Head injury in the anticoagulated patient can be a challenge. Below is the approach I use. I then read a 2012 paper from the Annals of Emergency Medicine, which gives us the evidence on what our approach might be.

Here’s the scenario. A 56 yo male is brought to the emergency department following a mechanical fall at work. He has hit his head. He hasn’t lost consciousness, his GCS is 15, but has had a significant fall from a standing height. You find that he has a history of cardiac disease and is on clopidogrel. Do you CT scan this patient’s brain? If so, when? Do you admit for observation as he is on a blood thinner.

Here’s a second scenario. A 68 yo woman is brought to the emergency department following a mechanical fall, from a standing height and a head strike. She lost consciousness for 2-3 seconds. On assessing the patient you find that she is on warfarin for atrial fibrillation. Does she need a scan? When? Should be be admitted for observation? Should the warfarin be reversed?

My approach to CT’s is simple. I use my own ‘HAAGLE’ formula(as I used to have to haggle with the radiology registrar to get a head CT). It applies to the lower risk head injury, not the major head injury; they’re straightforward; just scan them all.

Here it is: (Only one of these is needed to trigger a scan)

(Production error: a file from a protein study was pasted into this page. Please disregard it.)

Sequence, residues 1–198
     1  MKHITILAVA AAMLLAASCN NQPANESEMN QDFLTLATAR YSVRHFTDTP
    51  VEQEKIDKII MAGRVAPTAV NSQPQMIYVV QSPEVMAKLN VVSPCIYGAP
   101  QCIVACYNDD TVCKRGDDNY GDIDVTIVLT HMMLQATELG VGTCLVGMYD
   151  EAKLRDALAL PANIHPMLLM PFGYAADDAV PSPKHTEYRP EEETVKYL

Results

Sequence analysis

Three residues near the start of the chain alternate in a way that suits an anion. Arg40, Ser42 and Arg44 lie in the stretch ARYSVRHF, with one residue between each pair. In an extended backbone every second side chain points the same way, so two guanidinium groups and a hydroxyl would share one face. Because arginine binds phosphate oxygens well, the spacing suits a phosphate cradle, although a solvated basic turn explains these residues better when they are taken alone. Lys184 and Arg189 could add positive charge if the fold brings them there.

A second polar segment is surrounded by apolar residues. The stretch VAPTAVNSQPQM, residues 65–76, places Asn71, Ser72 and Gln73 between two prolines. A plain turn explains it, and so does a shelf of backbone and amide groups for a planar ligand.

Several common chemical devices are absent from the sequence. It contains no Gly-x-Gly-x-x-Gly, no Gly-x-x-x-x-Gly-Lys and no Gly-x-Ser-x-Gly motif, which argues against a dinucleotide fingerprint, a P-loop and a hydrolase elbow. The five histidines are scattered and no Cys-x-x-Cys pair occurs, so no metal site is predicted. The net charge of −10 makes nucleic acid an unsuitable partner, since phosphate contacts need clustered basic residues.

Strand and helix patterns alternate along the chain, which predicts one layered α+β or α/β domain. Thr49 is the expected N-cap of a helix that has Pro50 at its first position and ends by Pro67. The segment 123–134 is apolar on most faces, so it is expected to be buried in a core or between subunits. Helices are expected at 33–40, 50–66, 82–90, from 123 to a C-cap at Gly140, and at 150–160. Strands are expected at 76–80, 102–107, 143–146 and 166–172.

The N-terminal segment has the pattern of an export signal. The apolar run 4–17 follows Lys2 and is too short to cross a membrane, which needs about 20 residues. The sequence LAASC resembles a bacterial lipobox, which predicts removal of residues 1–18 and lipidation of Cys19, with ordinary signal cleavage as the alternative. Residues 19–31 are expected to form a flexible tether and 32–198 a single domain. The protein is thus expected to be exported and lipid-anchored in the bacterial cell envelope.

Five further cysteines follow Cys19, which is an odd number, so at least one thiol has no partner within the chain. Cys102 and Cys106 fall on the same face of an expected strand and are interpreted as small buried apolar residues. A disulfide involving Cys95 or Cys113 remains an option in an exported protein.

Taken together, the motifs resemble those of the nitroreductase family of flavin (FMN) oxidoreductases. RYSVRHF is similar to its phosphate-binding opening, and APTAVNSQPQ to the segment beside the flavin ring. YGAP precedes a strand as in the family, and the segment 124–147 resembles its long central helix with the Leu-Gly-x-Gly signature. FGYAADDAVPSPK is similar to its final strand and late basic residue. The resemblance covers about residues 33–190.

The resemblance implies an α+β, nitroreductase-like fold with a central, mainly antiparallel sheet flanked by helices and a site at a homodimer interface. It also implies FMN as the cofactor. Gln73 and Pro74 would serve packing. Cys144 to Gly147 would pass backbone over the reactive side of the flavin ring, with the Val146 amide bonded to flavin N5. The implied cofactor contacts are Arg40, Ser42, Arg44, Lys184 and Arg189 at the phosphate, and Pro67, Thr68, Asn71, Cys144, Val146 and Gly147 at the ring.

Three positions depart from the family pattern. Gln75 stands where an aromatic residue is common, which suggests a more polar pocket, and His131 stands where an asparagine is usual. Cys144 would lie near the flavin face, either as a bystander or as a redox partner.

HHeadache that the physician considers significant

AAmnesia- ante or retrograde in nature of > 30 minutes

AAnticoagulated- and this includes warfarin and clopidogrel. I also include aspirin

GGCS of < 15 at any time

LLoss of consciousness at any time

EEmesis of > 2 episodes

In terms of when to scan; I do so when the patient comes in. There is certainly evidence that bleeds can occur later in the elderly, however most will have a bleed when they come in?

A recent article by Nishijima et al Ann Emerg Med 2012;59(6):460-468,can help us.  The authors looked at ‘Immediate and delayed traumatic intracranial haemorrhage in patients with head trauma and pre injury warfarin or clopidogrel use’

It was a prospective observational study of 1064 patients. Patients were followed for two weeks after their initial presentation.

Of the total group of 1064 patients , 768 were on warfarin and 296 were on clopidogrel.

Immediate intracranial haemorrhage was present in:

  •      12% of those receiving clopidogrel vs 5.1% of those receiving warfarin.

Delayed intracranial haemorrhage ie., within 2 weeks was present in:

  •      0% on clopidogrel vs 0.6% of patients on warfarin

This study indicates that a CT on patient arrival to the emergency department is still very reasonable. It also indicates that a very small percentage of patients have a delayed bleed. It is therefore appropriate, unless there are other concerns to discharge these patients, without a repeat head CT, however with strict instructions, because delayed bleeding can occur. There is also no need to reverse anticoagulation if it is therapeutic.